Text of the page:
Houston’s Theater District’s oldest building is getting a tune up. Jones Hall, the award-winning architectural stunner that opened in 1966, is undergoing a series of renovations that will breathe new life into the property benefitting artists, patrons, and the city alike. The Foundation for Jones Hall is spearheading the $50 million initiative to sculpt the "dean of downtown performance venues" into a 21st century space.
Once considered a marvel of its day, Jones Hall has housed many of Houston’s storied arts organizations and has welcomed a menagerie of famed talents through its doors. It remains the home of Houston Symphony and Performing Arts Houston; however, the needs and preferences of audiences and performers have evolved over its multi-decade history. So, too, must the hall.
“Jones Hall was one of the most technologically advanced theaters in the world when it was built. When I think about Jones Hall, I also think about Houston. Houston as a city is entrepreneurial. It's got big personality. It's generous and more than a little quirky. We have a beautiful but young history of builders, big business, of arts, and also of terrific philanthropy and generosity. And I think Jones Hall tells that story,” said Meg Booth, Performing Arts Houston CEO. “What a beautiful piece of history to be able to renovate and improve for all the citizens of Houston.”
Due to the busy performance schedule of the hall’s two resident companies – as well as guest organizations that rent the building – a series of four summers provided the most suitable time frame to begin the transition to a more modern performance space. The renovation – scheduled to last through 2024 – will come in two major phases. The first phase mostly tackled more of the behind-the-scenes refurbishments.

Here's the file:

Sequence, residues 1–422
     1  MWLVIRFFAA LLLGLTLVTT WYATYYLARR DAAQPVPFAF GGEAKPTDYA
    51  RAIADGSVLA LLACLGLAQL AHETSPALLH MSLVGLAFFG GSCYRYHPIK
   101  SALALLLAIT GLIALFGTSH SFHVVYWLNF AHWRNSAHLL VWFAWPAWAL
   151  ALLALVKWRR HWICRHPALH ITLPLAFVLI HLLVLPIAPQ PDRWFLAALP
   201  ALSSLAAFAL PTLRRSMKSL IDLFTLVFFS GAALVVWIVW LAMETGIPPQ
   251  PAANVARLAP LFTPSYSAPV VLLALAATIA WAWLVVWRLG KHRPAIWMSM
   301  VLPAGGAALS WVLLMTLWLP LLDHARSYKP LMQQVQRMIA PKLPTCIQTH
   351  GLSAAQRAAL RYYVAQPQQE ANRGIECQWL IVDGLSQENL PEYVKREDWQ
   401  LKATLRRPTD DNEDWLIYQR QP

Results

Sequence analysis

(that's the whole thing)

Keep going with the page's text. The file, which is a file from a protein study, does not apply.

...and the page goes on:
In summer 2021, the focus was on acoustic work, including custom construction with sidewall and alcove “infills,” using metal framing with four layers of sheetrock for acoustic density. This was covered by a wood veneer finish. The infills corrected echoes and sound delays that affected musical performances and allowed sound to be evenly distributed throughout the hall.
Audience members and artists immediately noticed a difference.
“One of the challenges with Jones Hall for musicians and audiences has always been the acoustics to some extent. While they've been good, they've been a little challenging for the musicians on stage and somewhat variable depending on where you're sitting in the hall. There are some spots that are terrific and other spots where it's a little bit more compromised,” said John Mangum, Houston Symphony’s executive director and CEO.
“The changes significantly improve the acoustic experience and help push sounds happening on stage out into the house, and they also improve the experience of the performers on stage by being able to hear each other from different locations on stage,” he added.
The current plan will also add more backstage restrooms, upgrade the locker and changing rooms, and double the size of the greenroom.
Most of that work is “behind the curtain” work (the curtain is also being replaced, by the way) in order to set up the property in an intelligent way to continue more improvements, but starting next summer, more demonstrable work will take place that directly impacts the hall’s visitors.
“A big element of the patron experience is going to be the new seating and new circulation. Changes in the lobby and the flow of people will create more accessible seating for wheelchair bound patrons and new seats throughout the hall,” said Steve Friedlander, president of theater consultant group Auerbach Pollock Friedlander. “Completely new seats are going in which should be much more comfortable and attractive while still maintaining pretty much the same capacity as Jones Hall has today.”
In 2020, two new aisles were created on each side of the center orchestra section to improve accessibility and flow through the performing hall, but the seating layout will be rejuvenated in 2023.